Although I like the 'freak out effect' of the toe sockets, I'm not convinced they add much. They do keep the toes spread, or 'splayed,' out which feels good, but the positioning of the toes seems, or feels, arbitrary to me, since my little pinky toe doesn't even touch its corresponding socket. Plus, the toes seem susceptible to getting caught on roots or rocks, and I've stubbed my toes, badly, more than a few times.
The rubber soles section, including the toe sockets, is pretty tough, but I have heard about the top material, and the Velcro strap running over the top of the foot, can be easily torn. This happened to a friend of mine, and Vibram was fine with replacing them, but it took a few weeks (he lives in Arizona but bought them in Michigan; the retailer where I bought mine said they would replace mine no questions asked though. So far I haven't had any problems.)
Note: VFFs do NOT offer much protection from the cold, besides the rubber bottom. The covering in the KSO models does not hold heat at all (see my post on my First Barefoot Marathon in April 2010). I did buy a pair of custom socks (with toes) during this time, and they helped some. The socks aren't cotton, so they hold heat even they get wet, which will happen if you run in the snow. If you're a wimp in the cold, you might need to find something a little warmer for the Winter months.
There are other barefoot alternative types of running-wear out there. I only have experience with two, though there are also RunAmocs, which seem the most shoe-like, endorsed by Barefoot Ted. Nike (gag) has also reissued their original shoe from the 70s, back before they introduced arch support and super gel cushion and all those horrible things. I wouldn't recommend anything by Nike just on general principle, though I'd try the RunAmocs. But in either case, I'd be careful: Runners are so conditioned to being able to pound their feet hard because of all the bells and whistles on shoes today that doing the same with either of these alternatives seems like an invitation for injury. If you try these, go slow! Get used to them.
One alternative is the traditional moccasin. I have two pairs from the Minnetonka company, one more a dressier version, and the other with a double layered leather sole. These slip on easy, are very comfortable, and give good protection from the cold. I wear them all the time in cold weather for just walking around town. I did experiment briefly with running in them in the Fall, with about the same feel as the VFFs, only warmer (Note: you can wear regular old socks with them), but, like with the VFFs, my feet ended up aching a bit, like I was hitting harder because they desensitized my feet. Drawbacks would be that, if running on mostly pavement, I don't think the leather would last very long. But I've seen some people on Ken Bob's Running Barefoot Yahoo! Group that say they like them. For Michigan terrain, dirt/mud/sand/forest/grass, especially in the colder months, these seem like the a good option if one were concerned about the cold or getting one's feet dirty. The Chippewa and Huron natives used them! Cost: about $60.
Another alternative I've recently been experimenting with is huaraches, a type of sandal worn by native tribes down in Mexico, discussed in McDougall's Born To Run. Barefoot Ted makes an americanized version (ie with customized rubber rather than old car tires) that he sells through his website. Basically they're just a slab of rubber with one long leather lace wrapping over and around the foot and ankle holding it in place. Learning how to properly lace the things is key, so I practiced just walking around town in them for a few weeks. They provide about the same protection as VFFs, but I find that since they're a 'sandal' and don't cover the feet, that they don't feel 'shoe-like' like the VFFs, and therefore I'm less inclined to feel invulnerable when running, though I'm still in the experimental stages. If I were to recommend a barefoot alternative for warm weather, I'd say these would be the way to go. I have yet to run barefoot down in the Southwest, but based on when I've lived there before, especially Phoenix, there seems to be killer thorns everywhere. Cyclists have to buy super-extra-duty tires in order not to get a flat like every time they ride, so I've wondered if I would be forced to seek some kind of protection. If so, I would use huaraches. The drawbacks with them are that they don't work very well when wet. The rubber gets to slippery, and the leather laces loosen up faster. Cost: About $60 from Barefoot Ted, though he'll sell you a 'kit' for half that, with directions on how to make them yourself.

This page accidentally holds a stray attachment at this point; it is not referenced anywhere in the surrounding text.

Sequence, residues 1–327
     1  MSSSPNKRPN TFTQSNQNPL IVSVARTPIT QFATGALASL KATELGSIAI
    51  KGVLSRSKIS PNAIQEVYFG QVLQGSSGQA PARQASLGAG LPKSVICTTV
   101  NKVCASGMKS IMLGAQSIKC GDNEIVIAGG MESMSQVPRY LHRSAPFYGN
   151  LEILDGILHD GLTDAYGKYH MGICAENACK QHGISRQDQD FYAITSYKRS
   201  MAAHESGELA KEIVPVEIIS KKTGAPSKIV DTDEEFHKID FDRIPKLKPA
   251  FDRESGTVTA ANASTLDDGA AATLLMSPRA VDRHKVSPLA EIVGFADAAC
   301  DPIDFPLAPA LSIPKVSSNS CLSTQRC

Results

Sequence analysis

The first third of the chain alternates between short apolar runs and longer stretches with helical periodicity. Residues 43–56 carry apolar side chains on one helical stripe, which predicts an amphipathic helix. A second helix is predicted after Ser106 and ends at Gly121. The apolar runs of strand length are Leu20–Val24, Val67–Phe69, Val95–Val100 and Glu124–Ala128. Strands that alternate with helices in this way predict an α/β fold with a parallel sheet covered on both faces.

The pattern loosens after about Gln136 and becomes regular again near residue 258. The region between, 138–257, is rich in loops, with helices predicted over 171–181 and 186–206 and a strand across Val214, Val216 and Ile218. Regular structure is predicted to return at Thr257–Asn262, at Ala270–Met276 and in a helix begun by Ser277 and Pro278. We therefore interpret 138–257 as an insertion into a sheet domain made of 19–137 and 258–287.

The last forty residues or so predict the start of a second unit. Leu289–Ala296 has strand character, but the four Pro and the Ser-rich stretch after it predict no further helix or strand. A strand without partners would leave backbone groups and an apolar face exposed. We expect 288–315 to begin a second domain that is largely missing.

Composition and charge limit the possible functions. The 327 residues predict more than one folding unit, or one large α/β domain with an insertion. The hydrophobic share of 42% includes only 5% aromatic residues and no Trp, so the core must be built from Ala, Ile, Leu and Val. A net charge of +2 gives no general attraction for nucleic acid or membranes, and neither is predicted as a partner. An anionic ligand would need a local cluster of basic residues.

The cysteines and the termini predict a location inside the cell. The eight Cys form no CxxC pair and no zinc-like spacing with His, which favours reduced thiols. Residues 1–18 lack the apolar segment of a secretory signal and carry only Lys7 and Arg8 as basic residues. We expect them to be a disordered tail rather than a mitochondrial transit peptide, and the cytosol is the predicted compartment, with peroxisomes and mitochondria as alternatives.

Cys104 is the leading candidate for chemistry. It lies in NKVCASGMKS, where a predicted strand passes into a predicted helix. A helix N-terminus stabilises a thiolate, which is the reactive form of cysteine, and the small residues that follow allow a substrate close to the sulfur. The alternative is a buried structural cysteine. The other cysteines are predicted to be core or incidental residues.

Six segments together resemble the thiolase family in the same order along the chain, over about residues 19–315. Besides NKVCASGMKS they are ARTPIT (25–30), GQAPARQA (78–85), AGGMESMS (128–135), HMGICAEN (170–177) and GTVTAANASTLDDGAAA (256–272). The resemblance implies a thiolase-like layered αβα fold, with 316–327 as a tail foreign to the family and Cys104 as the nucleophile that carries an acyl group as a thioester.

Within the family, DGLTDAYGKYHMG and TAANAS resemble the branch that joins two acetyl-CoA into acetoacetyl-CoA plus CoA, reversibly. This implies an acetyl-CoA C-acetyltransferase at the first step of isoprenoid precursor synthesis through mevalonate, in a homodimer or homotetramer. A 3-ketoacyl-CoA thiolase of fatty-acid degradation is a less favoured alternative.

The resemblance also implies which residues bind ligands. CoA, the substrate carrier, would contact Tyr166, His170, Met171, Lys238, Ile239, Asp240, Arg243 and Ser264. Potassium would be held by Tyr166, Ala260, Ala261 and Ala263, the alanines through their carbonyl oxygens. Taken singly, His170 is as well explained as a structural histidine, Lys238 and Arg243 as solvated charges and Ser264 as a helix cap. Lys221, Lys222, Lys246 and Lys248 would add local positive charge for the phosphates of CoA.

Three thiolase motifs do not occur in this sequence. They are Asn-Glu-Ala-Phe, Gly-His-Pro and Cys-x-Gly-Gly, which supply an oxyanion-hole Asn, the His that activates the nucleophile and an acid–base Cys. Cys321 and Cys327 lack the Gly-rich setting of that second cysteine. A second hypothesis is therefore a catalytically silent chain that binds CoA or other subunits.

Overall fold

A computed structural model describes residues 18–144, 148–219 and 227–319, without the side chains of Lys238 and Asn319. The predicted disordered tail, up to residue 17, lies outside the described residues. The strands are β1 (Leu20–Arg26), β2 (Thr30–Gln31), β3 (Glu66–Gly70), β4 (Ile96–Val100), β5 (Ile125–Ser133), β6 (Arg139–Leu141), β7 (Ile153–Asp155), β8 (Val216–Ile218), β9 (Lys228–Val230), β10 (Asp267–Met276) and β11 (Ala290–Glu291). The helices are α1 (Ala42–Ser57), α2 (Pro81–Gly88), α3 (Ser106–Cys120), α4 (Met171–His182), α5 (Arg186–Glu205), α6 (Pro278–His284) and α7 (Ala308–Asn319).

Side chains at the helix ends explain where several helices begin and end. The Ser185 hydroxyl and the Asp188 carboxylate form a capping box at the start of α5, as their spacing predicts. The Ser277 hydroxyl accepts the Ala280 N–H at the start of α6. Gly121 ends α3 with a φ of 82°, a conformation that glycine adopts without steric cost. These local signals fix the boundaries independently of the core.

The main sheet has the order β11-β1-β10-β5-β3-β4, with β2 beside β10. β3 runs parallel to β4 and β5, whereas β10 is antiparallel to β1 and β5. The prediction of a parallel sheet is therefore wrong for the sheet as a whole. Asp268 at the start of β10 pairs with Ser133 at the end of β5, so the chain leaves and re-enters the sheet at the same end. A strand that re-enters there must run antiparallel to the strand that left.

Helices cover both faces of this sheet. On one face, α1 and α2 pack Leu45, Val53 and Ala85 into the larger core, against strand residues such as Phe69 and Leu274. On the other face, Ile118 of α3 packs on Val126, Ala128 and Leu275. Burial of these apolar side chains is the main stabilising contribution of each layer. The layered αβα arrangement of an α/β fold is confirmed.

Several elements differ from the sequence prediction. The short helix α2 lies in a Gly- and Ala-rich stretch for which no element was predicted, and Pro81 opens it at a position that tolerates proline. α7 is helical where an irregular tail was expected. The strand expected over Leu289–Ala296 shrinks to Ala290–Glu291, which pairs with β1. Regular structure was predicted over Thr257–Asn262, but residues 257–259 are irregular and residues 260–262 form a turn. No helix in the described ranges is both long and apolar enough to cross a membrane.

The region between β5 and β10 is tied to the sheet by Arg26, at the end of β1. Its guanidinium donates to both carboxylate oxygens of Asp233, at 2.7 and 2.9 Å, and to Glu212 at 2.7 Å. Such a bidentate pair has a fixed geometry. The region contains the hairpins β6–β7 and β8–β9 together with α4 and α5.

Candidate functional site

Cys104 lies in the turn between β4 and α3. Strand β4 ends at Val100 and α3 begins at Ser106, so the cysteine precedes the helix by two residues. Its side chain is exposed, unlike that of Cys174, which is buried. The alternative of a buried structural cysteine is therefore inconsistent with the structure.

VFFs might actually be better for other activities than running. I know people that like just wearing them when walking around town. Climbers may like the toes. They would also be good for kayaking and having to get in and out of boats around rocky shores, and swimming in VFFs would be easier than Tevas. Also keep in mind that VFFs were originally designed for good traction on boats and yachts. I found them to be great footwear for backpacking. I recently did a backcountry camping trip in The Great Smokey Mountains. Some of the hike in I went barefoot, but with a 40 pound backpack on, it's hard to be light on my feet. My VFFs gave me protection when my feet started feeling a little raw, while still allowing me to feel light and elf-like. Also, they seem perfect for skateboarding.
I still recommend running barefoot, but I know that no matter how much I, or others, argue for going 'all natural,' some people don't like the thought of getting their feet dirty. In that case, then yes, I do, tentatively, recommend VFFs or one of the other barefoot alternatives. If you try them, give yourself at least three weeks. Your calves will be a little sore the first week or so, because you're using different muscles. Don't try and mix and match between VFFs and your shoes, I've know a couple people to screw themselves up that way. Three weeks. Go slow. Trot. Small strides. Keep in mind that Barefoot Ted mostly runs barefoot, and uses his VFFs on ultra-marathons. You might find your VFFs to be like training wheels, something you eventually take off, but either way, your feet will love you.